Goshen News, Goshen, IN

Opinion

March 20, 2014

OUR VIEW: Goshen chicken ordinance supporters should flock together

Let’s start over on a chicken-keeping ordinance for Goshen.

What appeared as a popular ordinance with support of the entire Goshen City Council, was killed on a 4-2 vote Tuesday night.

We wish the council had listened to the desires of many Goshen residents and approved the law, but that didn’t happen. Now, we suggest those in the community who favor such an ordinance to promote sustainable living practices continue to work with their council members to find a workable law. The reasons given by the dissenting council members not to pass the ordinance seemed to be all over the place, with no one issue standing out.

BUT WE HAD TO scratch our heads when the issue of odors or falling property values came into play during the council’s discussions, because the proposed ordinance firmly addressed those concerns. The law as written was very restrictive, requiring chicken owners to keep their coops tidy, odor free and in good appearance. What more is needed?

Neighborhood dogs create far more problems of odor and messes in the city than any chicken flock will create, yet dogs are acceptable pets. Anyone who has lived next to a dog owner who does not clean their yard during a warm spring or summer stretch can attest to the nastiness involved. Yet, chicken waste is valued for its compostability by gardeners, who we think will be the biggest fans of urban chickens. And compost piles quickly break down their contents and very little, if any, odor is emitted.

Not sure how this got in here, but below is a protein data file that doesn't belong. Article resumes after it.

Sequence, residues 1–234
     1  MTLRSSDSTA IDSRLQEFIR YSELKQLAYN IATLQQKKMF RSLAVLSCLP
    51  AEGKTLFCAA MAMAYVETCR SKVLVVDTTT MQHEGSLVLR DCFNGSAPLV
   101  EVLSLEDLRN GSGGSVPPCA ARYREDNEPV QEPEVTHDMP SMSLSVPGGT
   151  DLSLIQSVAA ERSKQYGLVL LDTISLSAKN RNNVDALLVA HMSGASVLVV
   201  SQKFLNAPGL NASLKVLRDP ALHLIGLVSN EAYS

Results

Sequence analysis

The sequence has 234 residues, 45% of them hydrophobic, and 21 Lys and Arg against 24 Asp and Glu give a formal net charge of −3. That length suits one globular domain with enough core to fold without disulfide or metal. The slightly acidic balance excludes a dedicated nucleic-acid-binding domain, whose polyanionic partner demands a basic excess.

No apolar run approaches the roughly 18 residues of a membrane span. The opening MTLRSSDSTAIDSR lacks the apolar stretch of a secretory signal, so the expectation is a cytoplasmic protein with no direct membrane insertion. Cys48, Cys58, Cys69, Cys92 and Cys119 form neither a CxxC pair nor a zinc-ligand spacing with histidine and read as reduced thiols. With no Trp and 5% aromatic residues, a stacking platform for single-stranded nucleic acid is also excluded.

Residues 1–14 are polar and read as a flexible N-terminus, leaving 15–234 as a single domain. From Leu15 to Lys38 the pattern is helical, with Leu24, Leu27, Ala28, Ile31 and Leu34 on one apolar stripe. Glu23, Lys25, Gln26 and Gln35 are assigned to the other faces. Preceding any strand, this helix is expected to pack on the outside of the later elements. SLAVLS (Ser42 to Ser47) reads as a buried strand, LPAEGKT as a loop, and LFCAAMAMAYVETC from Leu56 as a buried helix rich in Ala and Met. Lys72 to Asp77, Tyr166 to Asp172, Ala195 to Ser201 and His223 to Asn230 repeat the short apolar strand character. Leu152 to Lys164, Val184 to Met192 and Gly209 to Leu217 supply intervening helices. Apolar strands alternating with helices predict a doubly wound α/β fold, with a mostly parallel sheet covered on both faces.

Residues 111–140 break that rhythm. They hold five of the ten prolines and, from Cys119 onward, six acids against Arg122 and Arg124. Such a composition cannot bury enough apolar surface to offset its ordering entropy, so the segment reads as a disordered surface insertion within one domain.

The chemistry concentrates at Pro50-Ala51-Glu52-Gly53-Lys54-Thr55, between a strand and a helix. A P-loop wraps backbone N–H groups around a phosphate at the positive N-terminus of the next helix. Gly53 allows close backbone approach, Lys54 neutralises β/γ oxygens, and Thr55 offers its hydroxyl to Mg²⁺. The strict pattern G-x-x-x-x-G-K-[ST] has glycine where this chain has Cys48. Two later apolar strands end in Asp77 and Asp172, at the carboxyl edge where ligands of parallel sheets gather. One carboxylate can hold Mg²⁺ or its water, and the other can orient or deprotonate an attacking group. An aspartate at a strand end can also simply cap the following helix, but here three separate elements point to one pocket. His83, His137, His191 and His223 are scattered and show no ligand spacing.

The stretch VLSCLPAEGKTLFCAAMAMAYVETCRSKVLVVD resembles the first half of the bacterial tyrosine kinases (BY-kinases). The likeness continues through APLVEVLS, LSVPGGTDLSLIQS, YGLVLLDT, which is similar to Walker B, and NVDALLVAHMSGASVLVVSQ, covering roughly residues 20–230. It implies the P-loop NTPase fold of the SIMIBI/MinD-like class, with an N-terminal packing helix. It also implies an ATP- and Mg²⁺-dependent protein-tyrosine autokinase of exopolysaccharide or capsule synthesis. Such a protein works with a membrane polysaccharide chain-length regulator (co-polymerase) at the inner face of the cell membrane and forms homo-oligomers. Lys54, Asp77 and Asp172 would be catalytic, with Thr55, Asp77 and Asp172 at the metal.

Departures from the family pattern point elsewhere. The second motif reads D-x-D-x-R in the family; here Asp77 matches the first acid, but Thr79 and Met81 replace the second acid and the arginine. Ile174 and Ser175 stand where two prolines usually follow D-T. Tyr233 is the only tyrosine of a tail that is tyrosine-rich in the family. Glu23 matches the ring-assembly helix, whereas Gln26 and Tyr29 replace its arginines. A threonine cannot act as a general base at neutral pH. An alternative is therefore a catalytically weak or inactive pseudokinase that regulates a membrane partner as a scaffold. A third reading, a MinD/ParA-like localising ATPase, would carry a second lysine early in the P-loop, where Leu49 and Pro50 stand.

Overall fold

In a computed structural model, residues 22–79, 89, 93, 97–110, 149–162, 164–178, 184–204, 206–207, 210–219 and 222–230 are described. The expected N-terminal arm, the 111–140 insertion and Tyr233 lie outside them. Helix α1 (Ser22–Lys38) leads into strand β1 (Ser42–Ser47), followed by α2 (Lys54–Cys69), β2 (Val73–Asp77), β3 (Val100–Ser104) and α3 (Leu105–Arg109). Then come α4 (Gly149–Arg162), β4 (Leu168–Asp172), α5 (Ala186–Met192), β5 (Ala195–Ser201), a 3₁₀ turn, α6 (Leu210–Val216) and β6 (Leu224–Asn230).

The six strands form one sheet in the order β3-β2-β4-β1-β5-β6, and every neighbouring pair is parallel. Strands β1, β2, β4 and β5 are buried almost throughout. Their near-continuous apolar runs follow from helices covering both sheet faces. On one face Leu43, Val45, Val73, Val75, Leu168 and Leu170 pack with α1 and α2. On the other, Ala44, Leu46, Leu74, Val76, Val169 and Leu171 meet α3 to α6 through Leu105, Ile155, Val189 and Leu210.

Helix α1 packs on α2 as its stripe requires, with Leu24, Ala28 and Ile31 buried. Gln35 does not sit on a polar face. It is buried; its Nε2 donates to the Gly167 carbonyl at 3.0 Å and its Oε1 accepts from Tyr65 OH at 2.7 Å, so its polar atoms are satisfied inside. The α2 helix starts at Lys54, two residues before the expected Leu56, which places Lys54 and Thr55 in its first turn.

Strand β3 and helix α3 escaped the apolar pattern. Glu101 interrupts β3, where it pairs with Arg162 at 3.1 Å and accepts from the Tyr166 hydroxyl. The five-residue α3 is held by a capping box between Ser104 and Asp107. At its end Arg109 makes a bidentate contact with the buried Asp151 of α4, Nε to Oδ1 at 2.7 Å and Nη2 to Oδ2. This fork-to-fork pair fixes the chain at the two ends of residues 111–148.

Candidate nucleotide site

WHAT WE THINK is occurring with this ordinance is simply a lack of understanding of gardening, chicken-keeping practices and also how widespread the self-sufficiency movement in the Goshen area has become. Many Goshen residents want to take part in the raising of some of their food, both for economic reasons and for health reasons. Chickens are small, quiet and can be contained in coops, making them ideal urban animals that can be utilized by these residents.

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Poll

Three Goshen elementary schools — Chandler, Chamberlain and West Goshen — are providing free meals to all students during the school year as part of the U.S. Department of Agriculture’s Community Eligibility Provision of the Healthy Hunger-Free Kids Act of 2010. Nearly 80 percent of students at Chandler, 89 percent of students at Chamberlain and 78 percent of students at West Goshen already qualify for free or reduced-price lunches based on their family income. How do you feel about the new lunch program?

I think it’s a good idea to feed all the students free of charge
I think those who can afford it should pay for their school meals
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